Capturing light in a waveguide array: Confined, insensitive light could improve lasers, solar cells
Eberly College of Science
“Photonic technology involves the generation, transmission, and manipulation of light and it is used ubiquitously across industries,” said Mikael Rechtsman, the Downsbrough Early Career Assistant Professor of Physics at Penn State and the leader of the research team. “It underlies the fiber optic network that forms the skeleton of the internet, solar cells used in the generation of sustainable energy, and high-power lasers used in manufacturing, among many other applications. Finding a way to confine and manipulate light so that it is insensitive to defects could have a huge impact on this technology.”
“The light becomes insensitive because of the phenomenon of ‘topological protection’,” said Rechtsman. “This concept has been used extensively in the context of solid-state electronic physics. The waveguide structure is a photonic analogue of the so-called ‘topological crystalline insulators,’ and this form of topological protection can potentially be used across a range of photonic devices, including in nano-scale lasers, specialized nonlinear optical fibers, and for robustly and precisely coupling between photons and electrons for manipulating quantum information.”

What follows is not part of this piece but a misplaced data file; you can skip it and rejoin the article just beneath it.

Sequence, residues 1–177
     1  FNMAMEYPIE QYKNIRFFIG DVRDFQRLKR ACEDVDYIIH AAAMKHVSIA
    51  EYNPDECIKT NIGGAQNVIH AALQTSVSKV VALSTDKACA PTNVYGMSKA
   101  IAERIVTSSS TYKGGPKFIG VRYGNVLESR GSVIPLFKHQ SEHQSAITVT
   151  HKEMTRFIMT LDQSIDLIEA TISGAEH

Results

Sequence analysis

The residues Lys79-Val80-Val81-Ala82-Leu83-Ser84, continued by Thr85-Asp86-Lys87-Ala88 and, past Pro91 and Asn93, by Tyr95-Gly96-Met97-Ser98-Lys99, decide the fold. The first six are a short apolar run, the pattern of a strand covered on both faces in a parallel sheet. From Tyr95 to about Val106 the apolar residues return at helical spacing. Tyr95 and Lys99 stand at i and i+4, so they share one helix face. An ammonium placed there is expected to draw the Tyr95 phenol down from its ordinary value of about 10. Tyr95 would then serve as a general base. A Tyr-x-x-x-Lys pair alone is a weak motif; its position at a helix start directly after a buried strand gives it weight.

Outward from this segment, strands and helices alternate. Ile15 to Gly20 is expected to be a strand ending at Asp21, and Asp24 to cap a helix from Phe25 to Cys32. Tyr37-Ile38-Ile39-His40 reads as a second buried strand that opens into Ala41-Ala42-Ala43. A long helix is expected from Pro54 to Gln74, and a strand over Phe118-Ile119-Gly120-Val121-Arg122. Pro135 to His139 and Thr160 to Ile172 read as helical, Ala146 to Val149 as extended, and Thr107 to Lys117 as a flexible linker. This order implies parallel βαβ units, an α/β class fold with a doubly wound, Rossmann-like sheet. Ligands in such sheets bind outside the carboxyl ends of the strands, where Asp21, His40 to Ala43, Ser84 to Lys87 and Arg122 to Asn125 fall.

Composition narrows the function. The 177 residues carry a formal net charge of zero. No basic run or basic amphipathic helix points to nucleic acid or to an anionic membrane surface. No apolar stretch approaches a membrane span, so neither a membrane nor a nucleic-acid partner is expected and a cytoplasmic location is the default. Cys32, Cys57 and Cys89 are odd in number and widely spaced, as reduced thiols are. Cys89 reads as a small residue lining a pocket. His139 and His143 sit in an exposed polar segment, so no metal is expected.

Confining light in this way could make many photonic devices both more efficient and cheaper to produce and more efficient. Beyond that, this is an example of the potentially cross-disciplinary—uniting photonics and solid-state electronics—use of topological protection and demonstrates the broad applicability of this phenomenon beyond its conception in electronic solid-state physics.
“In photonics, it is extremely important to be able to trap light and confine it to very small spaces,” said Rechtsman. “It compresses the maximum amount of optical power into the smallest area or volume inside a material, making it interact more strongly with the material, and thus it is more efficient at whatever it is meant to do. A major difficulty with doing this has been that strong confinement brings with it extreme sensitivity to any imperfections in the material, which can often either inhibit efficiency or make the device very expensive to fabricate. Our results suggest that we can overcome this difficulty.”
In addition to Rechtsman, the research team includes Jiho Noh and Matthew J. Collins at Penn State, Wladimir A. Benalcazar and Taylor L. Hughes at the University of Illinois at Urbana-Champaign, and Sheng Huang and Kevin Chen at the University of Pittsburgh. The research was funded by the National Science Foundation, the Penn State Materials Research Science and Engineering Center, the Alfred P. Sloan Foundation, and the Office of Naval Research Young Investigators Program.